Published: April 15, 2013

Recently, ASSETT recognized teachers that displayed excellence in Teaching with Technology. Students were given the opportunity to nominate teachers whom they believe integrate and use technology in creative ways to enhance the classroom.

Krystal McMillen of the English department said that when she was informed she had received the award, it made her day. Her introduction to integrating technology into the classroom was teaching a hybrid class for the School of Continuing Education. “I’ve been trying to do more with technology [in my hybrid class],” McMillen says. “So I was honored and flattered to know that meant something to the students.”

In her History and Literature of Georgian England class, McMillen created a class blog that students were required to post on. “It took off and took on a life I wasn’t expecting,” she says. “We started it as a lark for one assignment and did what I was calling a ‘class museum exhibit.’ Everyone had to find an art image and do a close reading of it, basically write a museum panel and post it on this blog, so that it would be a kind of electronic gallery.” Students responded so well to this assignment that McMillen ended up using it for the rest of the semester. By the end of the year, the blog had over two hundred posts. McMillen says the blog was successful precisely because “students were able to, and wanted to, work with one another in an electronic forum.”

Krystal McMillen in her Literary Theory courseMcMillen values technology in teaching because it fosters this kind of continued interaction outside of class. In order for it to be successful, however, it requires strong engagement from the students. McMillen saw this kind of engagement with her class blog. “I had students tripling the amount of required posts,” she says. If the students get excited and engaged with technology, the pay off is a community of learners who collaborate in the learning process. “It puts a lot of the responsibility towards creating our ideas on the whole class, not just on [the professor],” McMillen says. Creating this community also makes students’ motivations for class personal, instead of just external. This allows for a different kind of engagement for students, instead of just a professor standing at the front of the class delivering a lecture and spouting off information.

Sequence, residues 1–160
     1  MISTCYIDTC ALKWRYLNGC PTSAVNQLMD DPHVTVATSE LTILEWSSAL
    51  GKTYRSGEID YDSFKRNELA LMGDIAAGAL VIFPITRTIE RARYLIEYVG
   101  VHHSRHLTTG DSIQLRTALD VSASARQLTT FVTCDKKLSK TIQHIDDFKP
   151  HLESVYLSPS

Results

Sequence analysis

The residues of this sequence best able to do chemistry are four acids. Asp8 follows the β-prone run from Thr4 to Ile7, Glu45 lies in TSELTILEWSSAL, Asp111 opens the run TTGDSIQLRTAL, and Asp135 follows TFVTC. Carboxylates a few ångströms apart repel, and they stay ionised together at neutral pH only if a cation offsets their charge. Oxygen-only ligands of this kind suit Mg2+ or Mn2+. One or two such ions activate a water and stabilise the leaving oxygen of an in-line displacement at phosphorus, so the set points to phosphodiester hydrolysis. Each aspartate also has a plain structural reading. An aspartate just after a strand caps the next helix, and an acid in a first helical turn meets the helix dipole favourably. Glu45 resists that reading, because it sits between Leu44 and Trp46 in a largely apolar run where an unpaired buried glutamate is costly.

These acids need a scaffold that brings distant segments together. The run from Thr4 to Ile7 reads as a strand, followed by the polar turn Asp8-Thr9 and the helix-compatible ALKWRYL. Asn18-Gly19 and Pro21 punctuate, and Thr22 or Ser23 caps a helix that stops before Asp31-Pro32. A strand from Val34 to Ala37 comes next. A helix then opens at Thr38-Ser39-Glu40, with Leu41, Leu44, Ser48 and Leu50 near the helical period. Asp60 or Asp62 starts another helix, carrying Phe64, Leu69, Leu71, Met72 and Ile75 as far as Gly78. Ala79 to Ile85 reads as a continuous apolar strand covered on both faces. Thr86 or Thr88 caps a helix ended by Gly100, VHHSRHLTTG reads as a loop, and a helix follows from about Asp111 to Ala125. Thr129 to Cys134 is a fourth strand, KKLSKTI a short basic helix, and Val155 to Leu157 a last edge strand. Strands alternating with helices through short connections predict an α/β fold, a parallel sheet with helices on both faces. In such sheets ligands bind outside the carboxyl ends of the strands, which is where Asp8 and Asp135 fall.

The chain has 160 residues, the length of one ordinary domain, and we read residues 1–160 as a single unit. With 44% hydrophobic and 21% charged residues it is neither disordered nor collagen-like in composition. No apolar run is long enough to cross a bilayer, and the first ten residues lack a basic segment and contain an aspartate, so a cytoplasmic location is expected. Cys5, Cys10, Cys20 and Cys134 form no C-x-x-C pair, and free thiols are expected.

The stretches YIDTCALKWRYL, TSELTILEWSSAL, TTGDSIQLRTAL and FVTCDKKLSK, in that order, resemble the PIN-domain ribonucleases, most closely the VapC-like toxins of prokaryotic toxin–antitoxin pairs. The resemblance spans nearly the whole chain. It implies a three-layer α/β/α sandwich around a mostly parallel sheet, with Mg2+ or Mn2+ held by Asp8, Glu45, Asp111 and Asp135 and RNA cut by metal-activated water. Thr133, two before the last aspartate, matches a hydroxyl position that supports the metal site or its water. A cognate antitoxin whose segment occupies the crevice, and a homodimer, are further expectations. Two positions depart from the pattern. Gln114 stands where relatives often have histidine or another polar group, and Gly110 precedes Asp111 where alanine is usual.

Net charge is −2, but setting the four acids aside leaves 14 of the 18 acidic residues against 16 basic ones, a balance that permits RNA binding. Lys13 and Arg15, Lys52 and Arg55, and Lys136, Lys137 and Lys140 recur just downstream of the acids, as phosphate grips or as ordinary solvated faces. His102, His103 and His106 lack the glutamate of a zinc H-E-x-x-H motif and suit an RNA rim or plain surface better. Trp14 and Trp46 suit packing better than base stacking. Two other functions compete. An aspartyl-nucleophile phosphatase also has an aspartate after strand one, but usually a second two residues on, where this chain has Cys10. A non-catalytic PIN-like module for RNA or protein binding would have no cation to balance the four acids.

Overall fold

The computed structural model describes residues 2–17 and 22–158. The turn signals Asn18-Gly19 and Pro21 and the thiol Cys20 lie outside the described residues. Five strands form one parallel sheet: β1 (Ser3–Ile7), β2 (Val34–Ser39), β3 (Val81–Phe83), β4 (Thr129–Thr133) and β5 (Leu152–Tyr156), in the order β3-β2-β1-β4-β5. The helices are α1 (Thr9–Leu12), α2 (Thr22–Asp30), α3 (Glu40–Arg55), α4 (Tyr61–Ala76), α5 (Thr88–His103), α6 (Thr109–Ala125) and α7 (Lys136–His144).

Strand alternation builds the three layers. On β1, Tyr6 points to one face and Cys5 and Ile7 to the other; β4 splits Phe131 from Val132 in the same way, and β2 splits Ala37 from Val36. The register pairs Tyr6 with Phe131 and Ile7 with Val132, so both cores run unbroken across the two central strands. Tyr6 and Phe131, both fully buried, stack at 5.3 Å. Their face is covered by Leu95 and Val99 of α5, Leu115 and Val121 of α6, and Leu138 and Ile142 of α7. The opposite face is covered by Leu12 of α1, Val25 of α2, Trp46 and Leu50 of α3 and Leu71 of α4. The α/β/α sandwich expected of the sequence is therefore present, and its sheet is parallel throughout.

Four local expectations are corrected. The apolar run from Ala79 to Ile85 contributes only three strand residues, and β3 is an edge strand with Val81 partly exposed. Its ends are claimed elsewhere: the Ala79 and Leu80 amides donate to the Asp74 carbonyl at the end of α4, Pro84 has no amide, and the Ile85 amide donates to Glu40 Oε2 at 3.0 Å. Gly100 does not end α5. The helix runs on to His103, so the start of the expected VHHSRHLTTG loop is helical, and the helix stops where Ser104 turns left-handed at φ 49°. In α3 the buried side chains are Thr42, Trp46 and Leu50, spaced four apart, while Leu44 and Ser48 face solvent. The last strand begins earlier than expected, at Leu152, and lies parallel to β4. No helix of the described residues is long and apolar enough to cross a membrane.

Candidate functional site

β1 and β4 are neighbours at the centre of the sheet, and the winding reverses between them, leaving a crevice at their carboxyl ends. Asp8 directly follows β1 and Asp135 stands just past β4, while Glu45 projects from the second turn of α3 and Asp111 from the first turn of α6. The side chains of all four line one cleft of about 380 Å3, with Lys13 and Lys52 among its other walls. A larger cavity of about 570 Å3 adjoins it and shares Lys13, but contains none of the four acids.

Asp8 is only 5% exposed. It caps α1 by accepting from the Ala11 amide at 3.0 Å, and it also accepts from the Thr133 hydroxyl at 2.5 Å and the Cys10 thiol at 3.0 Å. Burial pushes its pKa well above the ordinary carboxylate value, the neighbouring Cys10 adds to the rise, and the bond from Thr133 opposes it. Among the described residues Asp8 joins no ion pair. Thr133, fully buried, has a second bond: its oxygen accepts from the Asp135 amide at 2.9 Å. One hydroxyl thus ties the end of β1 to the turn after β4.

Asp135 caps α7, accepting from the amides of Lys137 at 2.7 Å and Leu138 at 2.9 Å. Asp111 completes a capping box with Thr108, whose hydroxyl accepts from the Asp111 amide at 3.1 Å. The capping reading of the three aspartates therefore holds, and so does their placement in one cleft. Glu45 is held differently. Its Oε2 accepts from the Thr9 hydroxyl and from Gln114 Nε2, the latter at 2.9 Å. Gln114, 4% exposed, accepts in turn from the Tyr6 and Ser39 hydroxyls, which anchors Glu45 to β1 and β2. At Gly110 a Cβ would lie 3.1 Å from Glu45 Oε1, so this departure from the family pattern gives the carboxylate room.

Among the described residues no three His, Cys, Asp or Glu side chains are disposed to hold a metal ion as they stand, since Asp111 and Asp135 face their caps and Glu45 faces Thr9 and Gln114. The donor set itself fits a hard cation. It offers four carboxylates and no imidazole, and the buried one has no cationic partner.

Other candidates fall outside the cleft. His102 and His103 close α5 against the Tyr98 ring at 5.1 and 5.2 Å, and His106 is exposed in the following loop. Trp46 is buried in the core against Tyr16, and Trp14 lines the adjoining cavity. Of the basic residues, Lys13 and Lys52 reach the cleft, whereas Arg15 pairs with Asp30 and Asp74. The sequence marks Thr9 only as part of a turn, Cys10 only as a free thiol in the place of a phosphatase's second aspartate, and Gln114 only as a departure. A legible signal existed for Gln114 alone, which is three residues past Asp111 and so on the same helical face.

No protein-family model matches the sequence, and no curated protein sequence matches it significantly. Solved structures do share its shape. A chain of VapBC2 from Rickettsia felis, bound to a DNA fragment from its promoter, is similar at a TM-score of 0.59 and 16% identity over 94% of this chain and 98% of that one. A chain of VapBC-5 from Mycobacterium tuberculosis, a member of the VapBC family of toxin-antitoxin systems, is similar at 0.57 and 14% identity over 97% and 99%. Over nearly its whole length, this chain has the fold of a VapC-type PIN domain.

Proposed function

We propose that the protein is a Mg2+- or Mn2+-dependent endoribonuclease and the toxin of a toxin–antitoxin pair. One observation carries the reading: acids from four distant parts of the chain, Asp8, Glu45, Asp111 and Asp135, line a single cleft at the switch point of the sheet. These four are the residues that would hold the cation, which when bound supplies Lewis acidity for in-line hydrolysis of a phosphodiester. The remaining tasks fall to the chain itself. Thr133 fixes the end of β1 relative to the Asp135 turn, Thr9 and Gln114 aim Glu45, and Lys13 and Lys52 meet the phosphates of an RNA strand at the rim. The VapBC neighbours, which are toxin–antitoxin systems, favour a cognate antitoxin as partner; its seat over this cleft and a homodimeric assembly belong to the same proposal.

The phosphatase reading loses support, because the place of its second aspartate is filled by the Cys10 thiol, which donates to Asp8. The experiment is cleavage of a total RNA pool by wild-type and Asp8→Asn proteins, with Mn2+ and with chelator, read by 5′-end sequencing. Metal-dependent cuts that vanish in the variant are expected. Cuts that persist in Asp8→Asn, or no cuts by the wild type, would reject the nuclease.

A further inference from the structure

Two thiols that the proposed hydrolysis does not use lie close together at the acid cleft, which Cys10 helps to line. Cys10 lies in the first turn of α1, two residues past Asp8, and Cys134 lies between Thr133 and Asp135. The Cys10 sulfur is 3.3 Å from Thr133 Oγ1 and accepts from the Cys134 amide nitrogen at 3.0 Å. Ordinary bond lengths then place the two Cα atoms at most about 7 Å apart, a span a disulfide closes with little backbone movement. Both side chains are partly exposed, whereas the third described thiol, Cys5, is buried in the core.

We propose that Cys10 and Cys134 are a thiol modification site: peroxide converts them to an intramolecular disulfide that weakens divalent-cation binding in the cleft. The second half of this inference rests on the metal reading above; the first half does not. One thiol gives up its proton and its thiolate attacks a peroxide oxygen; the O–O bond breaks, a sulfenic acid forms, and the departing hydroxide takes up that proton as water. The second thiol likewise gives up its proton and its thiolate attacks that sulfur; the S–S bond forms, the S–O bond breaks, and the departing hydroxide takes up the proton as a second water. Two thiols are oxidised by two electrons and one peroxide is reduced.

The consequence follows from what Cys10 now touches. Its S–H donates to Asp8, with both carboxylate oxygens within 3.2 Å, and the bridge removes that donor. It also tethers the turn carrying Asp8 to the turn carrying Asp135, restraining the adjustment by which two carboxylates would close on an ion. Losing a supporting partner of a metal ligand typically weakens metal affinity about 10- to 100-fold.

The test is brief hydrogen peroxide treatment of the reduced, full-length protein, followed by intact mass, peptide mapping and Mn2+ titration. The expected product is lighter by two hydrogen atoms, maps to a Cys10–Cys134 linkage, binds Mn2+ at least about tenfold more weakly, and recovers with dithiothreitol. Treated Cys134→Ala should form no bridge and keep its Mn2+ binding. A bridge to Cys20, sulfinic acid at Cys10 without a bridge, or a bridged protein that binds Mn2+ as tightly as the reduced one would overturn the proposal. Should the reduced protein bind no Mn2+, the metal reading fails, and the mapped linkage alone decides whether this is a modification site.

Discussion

McMillen is excited at the prospect of integrating SPARC into her classes as well. She and her Literary Theory students are beta testing the site before its upcoming launch. She is excited about sharing knowledge with students and relying on this communal sharing of knowledge, especially around technology. “A lot of my students are as tech savvy, if not more than I am [and] that’s been the most useful things for me is to see what I can learn from other people,” McMillen says.

For professors who want to integrate technology into their own classroom, McMillen’s best advice is “trouble shoot, trouble shoot, trouble shoot.” Patience and honesty are also vital. “It’s been important to me to express [to my students] that this is a learning process and that there might be issues,” she says. “But the important thing is that we’re alerting each other of these issues, and trying things out together.”

Being able to engage with students outside of the classroom is an extremely powerful resource. “Fifty minutes is just not enough time to cover everything,” McMillen notes. “It’s impossible.” Using technology gives professors the ability to expand the reach of their classes. Connections and community can be fostered with these online resources, making learning more interactive and engaging for students. McMillen is honest with her students and stays in tune with what they want and what will help them learn. This level of respect is also what makes students want to engage with McMillen, both inside and outside the classroom.